Obama Taps N.Y. Housing Chief To Oversee a More Active HUD
Sunday, December 14, 2008
President-elect Barack Obama has picked New York City housing commissioner Shaun Donovan to be secretary of housing and urban development, a post that Obama said would play a lead role in his administration's efforts to stem the rising tide of foreclosures and rebuild the nation's efforts to expand homeownership.
Speaking yesterday during his weekly address, Obama also said that he had asked his economic team to develop a "bold plan" to dramatically increase the number of people who can stay in their homes despite being threatened with foreclosure.
Obama's pledge to ramp up the federal government's efforts to slow foreclosures came just days after he said he would plow ahead with plans to expand health-care coverage and look for ways to slow its spiraling costs. He also has promised a huge stimulus package that he said would include infrastructure outlays the scale of which have not been seen in more than 50 years, when construction began on the interstate highway system.
Together, the plans, while still to be fleshed out, would mean a huge federal commitment, even as the budget deficit hurtles toward $1 trillion. But Obama has called the spending necessary to restart the stalled economy and lay a solid foundation for growth.
"In the end, expanding access to affordable housing isn't about just caring for the least fortunate among us and strengthening our middle class -- it's about ending our housing mess, climbing out of our financial crisis and putting our economy on the path to long-term growth and prosperity," he said.
In turning to Donovan to lead HUD, Obama is tapping someone with broad experience in many of the critical issues confronting the department. Before taking the reins of New York's Department of Housing Preservation and Development in 2004, Donovan was managing director of Prudential Mortgage Capital's $1.5 billion affordable-housing investments.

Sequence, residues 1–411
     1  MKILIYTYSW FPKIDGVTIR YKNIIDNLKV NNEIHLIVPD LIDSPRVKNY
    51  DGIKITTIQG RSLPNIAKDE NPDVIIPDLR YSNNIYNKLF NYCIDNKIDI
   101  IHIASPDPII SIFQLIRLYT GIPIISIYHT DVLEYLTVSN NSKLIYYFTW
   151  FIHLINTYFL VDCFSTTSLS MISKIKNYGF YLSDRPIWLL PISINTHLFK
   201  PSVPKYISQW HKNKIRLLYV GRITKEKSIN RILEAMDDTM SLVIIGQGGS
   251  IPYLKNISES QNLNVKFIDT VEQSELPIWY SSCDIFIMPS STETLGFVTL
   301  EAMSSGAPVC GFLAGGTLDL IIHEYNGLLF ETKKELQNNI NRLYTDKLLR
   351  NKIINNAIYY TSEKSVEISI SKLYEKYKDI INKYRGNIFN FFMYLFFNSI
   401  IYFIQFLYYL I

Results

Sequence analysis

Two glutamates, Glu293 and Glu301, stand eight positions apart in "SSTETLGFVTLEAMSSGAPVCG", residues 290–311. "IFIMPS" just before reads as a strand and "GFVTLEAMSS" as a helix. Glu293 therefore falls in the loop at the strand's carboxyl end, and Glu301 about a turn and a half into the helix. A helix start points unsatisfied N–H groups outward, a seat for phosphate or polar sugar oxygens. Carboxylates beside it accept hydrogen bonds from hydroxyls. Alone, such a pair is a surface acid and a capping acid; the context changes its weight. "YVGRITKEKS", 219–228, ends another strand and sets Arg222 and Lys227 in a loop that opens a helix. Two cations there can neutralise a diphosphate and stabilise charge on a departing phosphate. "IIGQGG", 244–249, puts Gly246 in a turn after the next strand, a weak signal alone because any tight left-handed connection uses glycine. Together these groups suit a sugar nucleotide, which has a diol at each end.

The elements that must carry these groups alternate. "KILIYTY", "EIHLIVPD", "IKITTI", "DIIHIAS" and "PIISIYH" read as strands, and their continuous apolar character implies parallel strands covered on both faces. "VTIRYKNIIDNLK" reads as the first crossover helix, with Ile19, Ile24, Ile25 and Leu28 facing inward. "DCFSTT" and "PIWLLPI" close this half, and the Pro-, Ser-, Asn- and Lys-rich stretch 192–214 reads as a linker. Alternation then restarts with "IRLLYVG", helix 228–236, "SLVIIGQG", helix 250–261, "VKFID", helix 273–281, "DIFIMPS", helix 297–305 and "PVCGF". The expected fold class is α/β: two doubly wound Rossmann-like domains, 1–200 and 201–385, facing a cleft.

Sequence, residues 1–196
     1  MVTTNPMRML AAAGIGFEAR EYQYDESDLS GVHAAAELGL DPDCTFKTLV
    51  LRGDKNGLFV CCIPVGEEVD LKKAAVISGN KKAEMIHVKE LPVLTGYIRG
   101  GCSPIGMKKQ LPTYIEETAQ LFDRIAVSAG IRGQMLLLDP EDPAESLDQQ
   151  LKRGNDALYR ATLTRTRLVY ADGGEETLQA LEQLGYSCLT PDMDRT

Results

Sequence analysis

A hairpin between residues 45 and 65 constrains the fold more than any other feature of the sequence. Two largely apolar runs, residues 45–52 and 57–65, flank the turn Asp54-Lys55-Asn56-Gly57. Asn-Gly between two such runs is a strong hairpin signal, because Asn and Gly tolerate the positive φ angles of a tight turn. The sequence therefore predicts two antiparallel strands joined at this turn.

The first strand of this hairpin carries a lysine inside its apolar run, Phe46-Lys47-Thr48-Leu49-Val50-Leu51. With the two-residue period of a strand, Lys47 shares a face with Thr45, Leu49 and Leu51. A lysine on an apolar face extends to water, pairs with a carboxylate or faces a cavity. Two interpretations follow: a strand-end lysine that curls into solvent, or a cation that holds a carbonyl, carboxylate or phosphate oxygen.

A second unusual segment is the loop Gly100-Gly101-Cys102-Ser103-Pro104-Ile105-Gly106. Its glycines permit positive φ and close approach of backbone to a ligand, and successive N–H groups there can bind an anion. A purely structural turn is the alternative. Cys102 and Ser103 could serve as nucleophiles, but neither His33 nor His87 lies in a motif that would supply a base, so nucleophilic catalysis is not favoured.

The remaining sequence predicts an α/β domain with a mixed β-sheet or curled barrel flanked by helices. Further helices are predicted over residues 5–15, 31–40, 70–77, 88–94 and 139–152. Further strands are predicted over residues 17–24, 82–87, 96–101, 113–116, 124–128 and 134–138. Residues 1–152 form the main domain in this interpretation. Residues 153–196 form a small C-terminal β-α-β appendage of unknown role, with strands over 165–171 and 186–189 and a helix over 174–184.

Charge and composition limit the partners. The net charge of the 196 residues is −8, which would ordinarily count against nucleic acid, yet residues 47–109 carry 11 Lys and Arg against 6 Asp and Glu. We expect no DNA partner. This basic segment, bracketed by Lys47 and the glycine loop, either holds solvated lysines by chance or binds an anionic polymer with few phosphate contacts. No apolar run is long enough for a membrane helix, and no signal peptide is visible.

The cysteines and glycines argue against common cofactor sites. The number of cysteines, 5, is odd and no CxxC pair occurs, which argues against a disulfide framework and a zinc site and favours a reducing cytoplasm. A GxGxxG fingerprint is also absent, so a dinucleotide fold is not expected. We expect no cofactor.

Donovan, 42, also has worked as HUD's head of multifamily housing and as acting commissioner of the Federal Housing Administration under President Bill Clinton, so he knows the inner workings of an agency now expected to be a front-line player in staving off millions of foreclosures.
In October, the FHA launched a program to help homeowners trade in their toxic mortgages for affordable, government-insured FHA mortgages. Some argued that the program was a case of too little, too late, because it is expected to help only 13,000 owners refinance their loans by year's end.
Donovan's challenge would be to help dramatically increase the volume of business. The Congressional Budget Office has estimated that HUD has the ability to help 400,000 families negotiate lower monthly mortgage payments and stay in their homes over the next three years.
"One in 10 families who owns a home is now in some form of distress, the most ever recorded," Obama said yesterday. "This is deeply troubling. It not only shakes the foundation of our economy but the foundation of the American dream. There is nothing more fundamental than having a home to call your own. It's not just a place to live or raise your kids or return after a hard day's work. It's the cornerstone of a family's financial security."
If he is confirmed by the Senate, Donovan is likely to also find himself working to shore up the FHA's finances when it is supposed to be saving homeowners. The agency has been given responsibility for modifying and guaranteeing a larger portion of loans on the open market than in any of the previous years of the Bush administration -- when subprime lenders dominated the market. However, in the coming weeks, the agency is expected to report record losses of government-guaranteed loans.
Donovan has had four years of experience trying to preserve affordable housing in the nation's largest city, as federal funds have been dialed back. For the past decade, the country's 1,900 public housing authorities have been functioning on 80 to 91 cents for every dollar HUD acknowledges they need. Consequently, they have been putting off maintenance and have a $20 billion repair backlog.